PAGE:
Jump to ContentJump to Main Navigation
Robert BruceAnd the Community of the Realm of Scotland$
Users without a subscription are not able to see the full content.

G W S Barrow

Print publication date: 2005

Print ISBN-13: 9780748620227

Published to Edinburgh Scholarship Online: September 2012

DOI: 10.3366/edinburgh/9780748620227.001.0001

Show Summary Details
Page of

PRINTED FROM EDINBURGH SCHOLARSHIP ONLINE (www.edinburgh.universitypressscholarship.com). (c) Copyright Edinburgh University Press, 2020. All Rights Reserved. An individual user may print out a PDF of a single chapter of a monograph in ESO for personal use.date: 03 April 2020

Bruce of Annandale

Bruce of Annandale

Chapter:
(p.27) Two Bruce of Annandale
Source:
Robert Bruce
Author(s):

G.W.S. Barrow

Publisher:
Edinburgh University Press
DOI:10.3366/edinburgh/9780748620227.003.0002

This chapter opens by tracing the family history of the Bruces. In the twelfth century King David I of Scotland granted land in Annandale, controlling one of the main routes into southwestern Scotland, to Robert Bruce, a Norman landowner in Yorkshire; his younger son inherited this and established the line of Bruces in Scotland. The fifth Bruce to hold Annandale (Robert Bruce the Competitor, grandfather of the eventual king) was a descendant through his mother of David I, which gave him a claim to the Scottish throne after the death of the infant Queen Margaret in 1290. By that date, the Guardians had already negotiated with Edward I to arrange marriage between Margaret and the future Edward II; on her death, they invited Edward to decide which of the possible claimants to the Scottish throne should be king, the two strongest claimants being John Balliol and Robert Bruce.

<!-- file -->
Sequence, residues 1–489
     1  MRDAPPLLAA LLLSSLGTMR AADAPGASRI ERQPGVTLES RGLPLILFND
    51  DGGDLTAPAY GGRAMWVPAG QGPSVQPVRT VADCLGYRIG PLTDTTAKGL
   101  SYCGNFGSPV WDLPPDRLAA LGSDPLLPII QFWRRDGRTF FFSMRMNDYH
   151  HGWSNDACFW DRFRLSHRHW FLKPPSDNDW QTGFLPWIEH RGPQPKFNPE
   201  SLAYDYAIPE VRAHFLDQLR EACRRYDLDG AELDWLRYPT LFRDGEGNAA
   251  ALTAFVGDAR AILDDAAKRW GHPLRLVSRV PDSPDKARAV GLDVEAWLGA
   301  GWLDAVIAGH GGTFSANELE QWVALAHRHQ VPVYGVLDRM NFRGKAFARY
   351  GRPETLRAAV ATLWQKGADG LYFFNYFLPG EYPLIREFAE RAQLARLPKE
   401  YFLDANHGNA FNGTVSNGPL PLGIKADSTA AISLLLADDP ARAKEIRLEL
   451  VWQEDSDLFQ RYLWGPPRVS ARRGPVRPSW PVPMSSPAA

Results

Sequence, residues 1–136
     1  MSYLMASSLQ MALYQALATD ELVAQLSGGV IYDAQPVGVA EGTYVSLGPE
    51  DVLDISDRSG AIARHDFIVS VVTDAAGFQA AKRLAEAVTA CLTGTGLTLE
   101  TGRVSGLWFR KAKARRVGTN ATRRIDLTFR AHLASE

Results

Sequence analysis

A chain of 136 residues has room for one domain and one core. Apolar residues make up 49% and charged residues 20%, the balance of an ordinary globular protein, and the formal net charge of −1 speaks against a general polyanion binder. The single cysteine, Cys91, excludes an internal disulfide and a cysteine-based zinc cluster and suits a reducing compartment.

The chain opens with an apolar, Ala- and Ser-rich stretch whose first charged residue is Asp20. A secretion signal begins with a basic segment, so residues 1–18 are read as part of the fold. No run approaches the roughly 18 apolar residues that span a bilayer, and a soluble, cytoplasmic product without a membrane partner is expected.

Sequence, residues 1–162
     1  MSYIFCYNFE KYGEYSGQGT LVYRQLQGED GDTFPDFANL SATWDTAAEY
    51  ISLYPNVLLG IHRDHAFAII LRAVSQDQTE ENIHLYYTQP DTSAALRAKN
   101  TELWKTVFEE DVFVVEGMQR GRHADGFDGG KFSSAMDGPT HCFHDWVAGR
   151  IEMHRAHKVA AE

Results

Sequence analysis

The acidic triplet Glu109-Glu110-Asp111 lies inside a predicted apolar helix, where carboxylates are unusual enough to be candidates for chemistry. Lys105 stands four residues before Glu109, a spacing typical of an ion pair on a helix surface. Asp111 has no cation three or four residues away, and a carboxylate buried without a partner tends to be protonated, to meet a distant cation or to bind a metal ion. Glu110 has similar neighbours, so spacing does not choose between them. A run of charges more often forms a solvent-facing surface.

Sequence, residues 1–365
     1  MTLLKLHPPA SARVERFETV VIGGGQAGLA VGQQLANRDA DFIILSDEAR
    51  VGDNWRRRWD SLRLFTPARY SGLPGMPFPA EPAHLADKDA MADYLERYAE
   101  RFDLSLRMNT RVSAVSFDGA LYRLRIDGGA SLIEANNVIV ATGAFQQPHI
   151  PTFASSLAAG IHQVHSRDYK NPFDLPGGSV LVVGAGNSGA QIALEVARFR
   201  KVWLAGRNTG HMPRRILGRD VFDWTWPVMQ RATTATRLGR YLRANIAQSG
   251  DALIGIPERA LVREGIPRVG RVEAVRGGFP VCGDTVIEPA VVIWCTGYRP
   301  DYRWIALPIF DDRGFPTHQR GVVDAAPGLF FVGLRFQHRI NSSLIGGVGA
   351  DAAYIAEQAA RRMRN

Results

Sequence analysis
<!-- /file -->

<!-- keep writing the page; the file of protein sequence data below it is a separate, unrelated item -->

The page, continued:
Keywords:   Bruce family, Annandale, Robert Bruce the Competitor, Queen Margaret (the Maid of Norway), Edward I, John Balliol

Edinburgh Scholarship Online requires a subscription or purchase to access the full text of books within the service. Public users can however freely search the site and view the abstracts and keywords for each book and chapter.

Please, subscribe or login to access full text content.

If you think you should have access to this title, please contact your librarian.

To troubleshoot, please check our FAQs, and if you can't find the answer there, please contact us.